Who was involved in the preparation of the assessment report?

The assessment of glyphosate was made by the BfR and other German authorities such as the Julius-Kühn Institute (JKI), Federal Environment Agency (UBA) and Federal Office of Consumer Protection and Food Safety (BVL). Germany, as the rapporteur member state, made its Renewal Assessment Report (RAR), including its subsequently prepared addenda, available to the European Food Safety Authority (EFSA) as the coordinating authority for further procedural steps.

Why was the BfR not present at the joint hearing of the Committee on Agriculture and Rural Development and Committee on the Environment, Public Health and Food Safety at the European Parliament on 11 October 2017?

The basis for the impending political decision on the reapproval of glyphosate is essentially the assessment report prepared by the European Food Safety Authority (EFSA). The contents of this report were presented at the hearing by the EFSA itself. The BfR had offered to participate in the public hearing at the EU Parliament if there proved to be any special need to do so.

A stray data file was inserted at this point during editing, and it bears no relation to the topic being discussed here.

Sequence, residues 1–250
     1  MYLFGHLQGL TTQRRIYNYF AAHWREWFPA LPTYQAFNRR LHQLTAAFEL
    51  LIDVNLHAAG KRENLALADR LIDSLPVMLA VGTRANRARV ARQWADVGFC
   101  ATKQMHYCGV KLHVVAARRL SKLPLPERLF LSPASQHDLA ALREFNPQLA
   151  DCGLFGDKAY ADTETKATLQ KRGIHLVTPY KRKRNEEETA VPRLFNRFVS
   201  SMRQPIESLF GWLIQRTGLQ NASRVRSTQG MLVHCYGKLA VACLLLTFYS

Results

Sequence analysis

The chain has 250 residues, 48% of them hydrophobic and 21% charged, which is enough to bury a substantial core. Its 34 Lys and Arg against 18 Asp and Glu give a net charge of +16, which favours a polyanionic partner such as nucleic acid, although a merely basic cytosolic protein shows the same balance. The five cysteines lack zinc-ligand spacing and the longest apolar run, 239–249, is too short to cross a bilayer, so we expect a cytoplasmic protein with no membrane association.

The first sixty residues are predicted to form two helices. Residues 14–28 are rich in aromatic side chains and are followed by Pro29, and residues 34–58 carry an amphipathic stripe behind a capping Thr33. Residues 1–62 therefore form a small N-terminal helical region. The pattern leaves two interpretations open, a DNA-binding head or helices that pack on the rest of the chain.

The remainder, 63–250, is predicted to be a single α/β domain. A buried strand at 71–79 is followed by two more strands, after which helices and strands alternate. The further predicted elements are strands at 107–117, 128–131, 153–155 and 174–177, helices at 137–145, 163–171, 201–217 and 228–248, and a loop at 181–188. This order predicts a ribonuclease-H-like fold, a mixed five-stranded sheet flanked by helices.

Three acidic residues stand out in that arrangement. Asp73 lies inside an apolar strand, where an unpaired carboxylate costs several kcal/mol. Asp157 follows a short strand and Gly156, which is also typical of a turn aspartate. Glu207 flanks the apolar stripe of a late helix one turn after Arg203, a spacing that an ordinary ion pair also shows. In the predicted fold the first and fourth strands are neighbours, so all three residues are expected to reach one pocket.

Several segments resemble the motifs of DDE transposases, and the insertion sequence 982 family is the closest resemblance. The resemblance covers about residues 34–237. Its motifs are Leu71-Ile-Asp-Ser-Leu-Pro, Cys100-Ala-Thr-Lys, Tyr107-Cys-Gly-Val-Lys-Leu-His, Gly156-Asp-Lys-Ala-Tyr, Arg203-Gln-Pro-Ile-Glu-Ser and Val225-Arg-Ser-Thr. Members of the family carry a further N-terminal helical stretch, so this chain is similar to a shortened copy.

Did the BfR take over any parts of the applicants' studies on glyphosate approval without review or criticism?

No. The process for assessing plant protection product active substances like glyphosate is regulated by legislation that is valid throughout the EU. This legislation expressly stipulates that the rapporteur member state - in the case of glyphosate, Germany - must examine all of the information contained in the documents submitted by the applicants for its plausibility and correctness. If the rapporteur member state concurs with any summary or assessment made by the applicants, it can integrate these directly into its report. Deviating assessments are expressed as separate comments. The rapporteur member state prepares a comprehensive, independent assessment of the application made by the applicants and includes its own assessment of the safety of the active substance.